“When the single scooter is run over distances of one tenth mile and one quarter mile, clocked time after time, meticulously checked against various equipment changes… and at the end of a hard day’s running the scooter is still in fine fettle, has not crashed, run a bearing or burst the engine… then you can say one scooter dealer is justified in talking about tuning scooters and preparing them for the sporting rider.” Quotes are taken from Scooter World September 1967 feature titled ‘The engine is painted black on this Mk III Lambretta SX200’. PJ Oakley cut and pasted a number of quotes from the Scooter World feature into a two pager for the 60s scooter press, advertising his Oakley Mark Ill SX200.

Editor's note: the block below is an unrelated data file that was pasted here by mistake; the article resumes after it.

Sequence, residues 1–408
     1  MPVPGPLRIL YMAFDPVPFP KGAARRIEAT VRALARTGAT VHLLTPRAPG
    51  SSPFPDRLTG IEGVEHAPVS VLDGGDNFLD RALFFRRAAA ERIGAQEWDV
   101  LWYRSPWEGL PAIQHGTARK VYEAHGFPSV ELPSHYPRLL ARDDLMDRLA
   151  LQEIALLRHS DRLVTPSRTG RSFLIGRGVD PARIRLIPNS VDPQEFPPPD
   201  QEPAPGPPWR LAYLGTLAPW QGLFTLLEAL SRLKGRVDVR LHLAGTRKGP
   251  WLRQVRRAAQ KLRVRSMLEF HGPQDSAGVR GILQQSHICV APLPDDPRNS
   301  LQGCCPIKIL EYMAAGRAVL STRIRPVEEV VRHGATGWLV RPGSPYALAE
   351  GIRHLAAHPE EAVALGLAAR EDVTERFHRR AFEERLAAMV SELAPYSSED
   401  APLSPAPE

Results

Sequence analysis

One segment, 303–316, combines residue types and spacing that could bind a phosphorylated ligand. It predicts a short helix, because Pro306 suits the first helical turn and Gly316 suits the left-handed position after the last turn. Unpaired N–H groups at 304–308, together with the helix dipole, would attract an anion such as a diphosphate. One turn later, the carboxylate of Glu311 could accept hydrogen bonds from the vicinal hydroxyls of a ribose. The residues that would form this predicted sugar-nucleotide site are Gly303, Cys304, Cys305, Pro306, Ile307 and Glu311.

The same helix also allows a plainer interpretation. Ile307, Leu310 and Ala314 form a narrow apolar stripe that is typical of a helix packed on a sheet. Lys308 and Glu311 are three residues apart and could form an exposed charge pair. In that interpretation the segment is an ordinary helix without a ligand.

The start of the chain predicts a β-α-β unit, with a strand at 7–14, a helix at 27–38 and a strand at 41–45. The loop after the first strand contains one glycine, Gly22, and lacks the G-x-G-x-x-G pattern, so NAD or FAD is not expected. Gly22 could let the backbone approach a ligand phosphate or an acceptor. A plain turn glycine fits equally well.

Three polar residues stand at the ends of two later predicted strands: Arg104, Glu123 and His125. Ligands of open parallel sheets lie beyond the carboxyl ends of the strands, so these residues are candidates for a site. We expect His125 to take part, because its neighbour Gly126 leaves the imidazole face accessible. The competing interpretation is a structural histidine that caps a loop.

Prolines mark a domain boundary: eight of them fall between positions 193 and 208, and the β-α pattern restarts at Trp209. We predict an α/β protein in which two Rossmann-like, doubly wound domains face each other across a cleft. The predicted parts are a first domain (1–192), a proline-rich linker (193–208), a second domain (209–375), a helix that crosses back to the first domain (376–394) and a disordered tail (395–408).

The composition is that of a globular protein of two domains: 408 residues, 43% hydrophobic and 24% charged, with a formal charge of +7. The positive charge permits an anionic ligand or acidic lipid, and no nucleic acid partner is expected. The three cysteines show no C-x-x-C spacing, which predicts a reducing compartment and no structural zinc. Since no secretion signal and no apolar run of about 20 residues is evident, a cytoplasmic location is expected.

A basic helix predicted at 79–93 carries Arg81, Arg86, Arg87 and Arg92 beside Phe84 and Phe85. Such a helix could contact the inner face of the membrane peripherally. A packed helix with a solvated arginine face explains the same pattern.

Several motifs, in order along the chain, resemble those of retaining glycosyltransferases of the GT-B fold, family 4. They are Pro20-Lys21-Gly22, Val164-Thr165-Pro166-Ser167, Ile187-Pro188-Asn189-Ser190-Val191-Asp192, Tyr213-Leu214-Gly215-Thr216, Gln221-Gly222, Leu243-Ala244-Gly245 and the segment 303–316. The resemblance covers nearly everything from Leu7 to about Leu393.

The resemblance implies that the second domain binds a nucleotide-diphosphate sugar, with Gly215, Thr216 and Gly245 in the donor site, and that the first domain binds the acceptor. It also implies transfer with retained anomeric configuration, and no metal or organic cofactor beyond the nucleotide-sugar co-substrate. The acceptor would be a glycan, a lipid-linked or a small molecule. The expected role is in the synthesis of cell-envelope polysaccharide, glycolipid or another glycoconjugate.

This article was taken from the October 2016 edition of Scootering, back issues available here: www.classicmagazines.co.uk/issue/SCO/year/2016